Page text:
NB: I wrote these four CliFi scenarios* in 2019 for a paper on life in a “post-water” world, but they had to go, so I am posting them here for your enjoyment (or horror). Please tell me what you think!
Scenario 1: Drought in Amsterdam
Amsterdam is located in Nord Holland, a province in the west of the Netherlands that lies in the Rhine–Meuse–Scheldt delta, and thus at the foot of several major rivers. The local ecology and many methods of managing water take excess water and cooler temperatures for granted, but these gifts are not forever. As I write (July 2019), the Netherlands has just reached its highest recorded temperature (40.4C), and the heat is causing problems for people, farmers and infrastructure. What will happen if these temperatures become common-place? How would Amsterdam cope with the risks from heat and drought?
The good news is that water for humans is unlikely to run out. Amsterdam sits adjacent to the IJsselmeer, the largest freshwater lake in the Netherlands, which has a surface area of 1,133 km2 and average depth of 4.4 meters, meaning a volume of around 5 km2 (Rijkswaterstaat, 2017). That’s over 50 times Amsterdam’s current water use (Waternet, n.d.).
The bad news is that drought would also damage local ecosystems. Falling groundwater would mean dead vegetation and weaker trees, some of which would fall in otherwise “normal” storms. Increased heat will lead to infrastructure failures, such as draw-bridges that lock shut due to metal expansion, or roads, rails and runways that are too hot to bear trucks, trains or planes (Staff, 2019). Individuals faced with “public bads” of hot air and drying ground, will install and use air conditioners and spray drinking water on parched gardens. Poorer citizens and marginal businesses will suffer — unable to afford the costs of equipment or the energy to run it. Some city services will fill the gap, but productivity and happiness will drop (Deryugina & Hsiang, 2014; Kjellstrom, Holmer, & Lemke, 2009).
In terms of institutions for managing water, perhaps the only possible responses to the public bad would be a program of improved public goods to increase local cooling, such as denser tree cover and perhaps restoring water-flows to canals that were filled and converted into roads decades ago. Ignoring sea-level rise and storm surges, Amsterdam should be able to limit the risks from drought and heat.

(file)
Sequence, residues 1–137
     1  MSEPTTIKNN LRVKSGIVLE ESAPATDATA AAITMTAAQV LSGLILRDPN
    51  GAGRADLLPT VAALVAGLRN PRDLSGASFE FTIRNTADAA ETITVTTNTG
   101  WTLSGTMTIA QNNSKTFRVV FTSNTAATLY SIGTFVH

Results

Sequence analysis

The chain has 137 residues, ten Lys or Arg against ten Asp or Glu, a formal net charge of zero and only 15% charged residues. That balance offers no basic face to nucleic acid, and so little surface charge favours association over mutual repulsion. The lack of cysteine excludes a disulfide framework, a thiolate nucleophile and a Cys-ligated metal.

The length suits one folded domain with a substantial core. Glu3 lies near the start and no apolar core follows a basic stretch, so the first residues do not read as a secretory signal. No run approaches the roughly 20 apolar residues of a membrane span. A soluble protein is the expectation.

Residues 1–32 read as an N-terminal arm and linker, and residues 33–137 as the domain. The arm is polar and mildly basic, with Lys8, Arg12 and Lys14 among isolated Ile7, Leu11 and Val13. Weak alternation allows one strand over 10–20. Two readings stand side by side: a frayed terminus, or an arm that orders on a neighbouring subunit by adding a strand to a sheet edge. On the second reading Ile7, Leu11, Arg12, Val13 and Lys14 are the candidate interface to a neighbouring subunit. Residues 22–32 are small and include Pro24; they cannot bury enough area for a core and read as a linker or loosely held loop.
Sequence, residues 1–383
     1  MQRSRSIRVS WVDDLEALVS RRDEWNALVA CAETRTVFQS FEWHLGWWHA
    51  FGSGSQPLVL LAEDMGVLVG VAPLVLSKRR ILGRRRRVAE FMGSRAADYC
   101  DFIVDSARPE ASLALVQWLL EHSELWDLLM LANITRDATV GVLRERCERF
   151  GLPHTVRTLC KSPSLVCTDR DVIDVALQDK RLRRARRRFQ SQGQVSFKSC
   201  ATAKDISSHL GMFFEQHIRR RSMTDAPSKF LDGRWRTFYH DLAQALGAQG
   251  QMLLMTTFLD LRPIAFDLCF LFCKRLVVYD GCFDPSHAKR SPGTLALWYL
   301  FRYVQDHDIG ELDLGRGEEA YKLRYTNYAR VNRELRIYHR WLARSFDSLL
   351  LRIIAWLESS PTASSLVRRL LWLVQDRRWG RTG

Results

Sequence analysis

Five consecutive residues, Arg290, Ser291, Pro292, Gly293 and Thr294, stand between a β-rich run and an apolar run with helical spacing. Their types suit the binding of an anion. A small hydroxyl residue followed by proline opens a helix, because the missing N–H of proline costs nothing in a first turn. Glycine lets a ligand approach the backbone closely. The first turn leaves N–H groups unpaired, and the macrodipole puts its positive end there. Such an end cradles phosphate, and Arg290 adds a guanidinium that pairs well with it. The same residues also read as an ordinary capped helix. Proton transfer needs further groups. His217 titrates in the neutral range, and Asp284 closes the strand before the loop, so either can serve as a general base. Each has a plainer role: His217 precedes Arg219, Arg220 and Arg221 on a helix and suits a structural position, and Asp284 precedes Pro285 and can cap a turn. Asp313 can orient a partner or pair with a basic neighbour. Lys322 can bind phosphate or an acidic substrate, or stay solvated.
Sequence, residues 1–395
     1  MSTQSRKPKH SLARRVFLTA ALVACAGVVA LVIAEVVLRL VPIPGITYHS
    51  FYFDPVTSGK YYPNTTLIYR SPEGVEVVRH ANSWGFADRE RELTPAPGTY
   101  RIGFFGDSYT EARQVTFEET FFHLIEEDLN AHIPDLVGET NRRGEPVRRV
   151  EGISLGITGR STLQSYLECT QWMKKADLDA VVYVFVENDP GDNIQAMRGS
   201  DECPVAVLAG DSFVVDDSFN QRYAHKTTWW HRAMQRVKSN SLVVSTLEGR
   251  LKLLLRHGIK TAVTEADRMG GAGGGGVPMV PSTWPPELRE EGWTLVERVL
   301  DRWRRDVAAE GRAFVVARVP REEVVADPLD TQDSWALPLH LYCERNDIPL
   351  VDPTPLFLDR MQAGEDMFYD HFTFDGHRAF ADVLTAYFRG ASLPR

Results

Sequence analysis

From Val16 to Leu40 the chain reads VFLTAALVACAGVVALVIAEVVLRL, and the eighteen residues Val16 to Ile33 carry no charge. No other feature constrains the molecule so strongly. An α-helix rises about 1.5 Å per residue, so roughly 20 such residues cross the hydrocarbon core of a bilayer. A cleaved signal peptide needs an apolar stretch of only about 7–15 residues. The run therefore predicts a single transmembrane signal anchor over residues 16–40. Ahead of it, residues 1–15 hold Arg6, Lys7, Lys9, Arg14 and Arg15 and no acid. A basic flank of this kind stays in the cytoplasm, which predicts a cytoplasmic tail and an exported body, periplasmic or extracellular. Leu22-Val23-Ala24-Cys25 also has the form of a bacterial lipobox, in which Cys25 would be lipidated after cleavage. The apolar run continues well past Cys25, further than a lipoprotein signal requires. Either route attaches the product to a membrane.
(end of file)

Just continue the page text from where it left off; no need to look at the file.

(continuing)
Scenario 2: Jakarta floods
Jakarta, the capital of Indonesia and home to over ten million people, has been having trouble with sinking land, saltwater intrusion and floods for decades (Pur- nama & Marfai, 2012). These three problems can be attributed to the abstraction, use and discharge of freshwater from local aquifers. This classic case of a tragedy of the commons results from the private use (withdrawal) of freshwater from the common-pool aquifer that everyone can access but also which keeps the land from sinking.
There are two main solutions to these dilemmas: to mitigate or adapt. Mitiga- tion would require building infrastructure to import fresh water and inject treated wastewater under the city, but that’s not happening. Instead, there are efforts to adapt by raising dikes to protect sinking land and building a barrier island to slow down storm surges that risk flooding land (Sherwell, 2016). This “Garuda Project” is complex and controversial, but it is surely cheaper than rebuilding drinking- and wastewater systems to serve ten million, mostly poor residents. Unfortunately, the Garuda project might deplete funds, weaken solidarity, and increase risk. Where’s the post-water element? The people (and leadership) of Jakarta need to live as if they are on an arid island, but they are consuming scarce fresh water as if it’s abundant, which puts them at risk of getting too much salty water.